Saturday, November 7, 2015

[S1_20151107PAXA] Angle between two Aussie Fifty Cent Coins


     This question appeared as Question 7 of this year's Australian VCE Further Mathematics Examination.  It has caused an uproar among some students who sat for the examination, hurling abuse at “50 cent”.  For a moment I was wondering: why should the eponymous American rapper face the music for an exam question he never set?  Hmmm...
     Anyway, in Singapore, this type of problem belongs to just the plain old Lower Secondary Mathematics syllabus for the topic of angles and polygons, usually taught in secondary 1 (equivalent to about grade 7 or 8).  There is no “additional” or “further” mathematics in our lower secondary curriculum.  Students who do well can opt to take Additional Mathematics.  In the Integrated Programme schools, they may call their mathematics curricula by different names.
     I would say this question would be of intermediate difficulty level in Singapore.  It is not so straightforward, but there is a quick solution, given the right insight.  How can we obtain the right insights?  This can be done by making observations and splitting a problem into smaller problems!  [Heuristics H04, H10, H11]

Important Principles
     Let us do some recap.  A polygon is any closed shape consisting of a number (at least three) of straight edges.  An exterior angle of a polygon is obtained by producing (extending) an edge in one direction – it is the angle between this extended edge and the next nearby edge.  It is a fact that
the sum of all exterior angles of any polygon is always 360°
This can be proven in various ways, but I think the best way to see this intuitively is to imagine that you are an ant on the polygon.  Starting from any vertex, go along the edges and every time you walk on a new edge, you turn by an amount equivalent to the exterior angle.  By the time you have come back round to your starting point, you would have turned a total of  360°[H01]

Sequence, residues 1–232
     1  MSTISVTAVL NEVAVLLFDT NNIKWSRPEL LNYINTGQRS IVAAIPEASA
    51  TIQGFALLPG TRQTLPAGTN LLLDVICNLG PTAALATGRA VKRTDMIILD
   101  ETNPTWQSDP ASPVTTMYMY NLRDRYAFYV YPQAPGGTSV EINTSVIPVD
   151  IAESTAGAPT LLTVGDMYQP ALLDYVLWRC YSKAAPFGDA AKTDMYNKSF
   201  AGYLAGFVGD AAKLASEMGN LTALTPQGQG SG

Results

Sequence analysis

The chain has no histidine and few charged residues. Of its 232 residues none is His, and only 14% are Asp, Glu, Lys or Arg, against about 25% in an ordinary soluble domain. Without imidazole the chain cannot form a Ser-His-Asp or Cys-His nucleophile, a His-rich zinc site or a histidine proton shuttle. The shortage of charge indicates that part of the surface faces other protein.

By its construction, the exterior angle and its interior angle always add up to 180°.  For a regular polygon  with  n  sides, all its sides (edges) are equal and all its interior angles are equal and so all its exterior angles are also equal.  Then it is immediately obvious that
each exterior angle of a regular n-sided polygon is 360° ¸ n

     We construct a vertical line segment in the middle and focus on, say, the right half of the angle (shown highlighted in magenta).  [H09, draw an “imaginary” line]
     This half-angle is in fact an exterior angle of the 50 cent coin (a 12-sided regular polygon) and so it measures 360° ¸ 12 = 30°.  Thus the value of  q  is double that, i.e.  60°[H09]  Done!

     If you have three such 50-cent coins, you can actually put them together and you see a triangular hole in the centre.  [H01]  This is actually an equilateral triangle and each angle would be 180° ¸ 3 = 60°.   I am sure even a ten-year-old kid can do this!

H01. Act it out
H02. Use a diagram / model
H04. Look for pattern(s)
H05. Work backwards
H09. Restate the problem in another way
H11. Solve part of the problem

Suitable Levels
Singapore Lower Secondary Mathematics (Sec 1 » Grade 7/8)
Victorian Certificate of Education Further Mathematics (Australia)
* other syllabuses that involve polygons and angles
* whoever is interested, even 10 year-old kids

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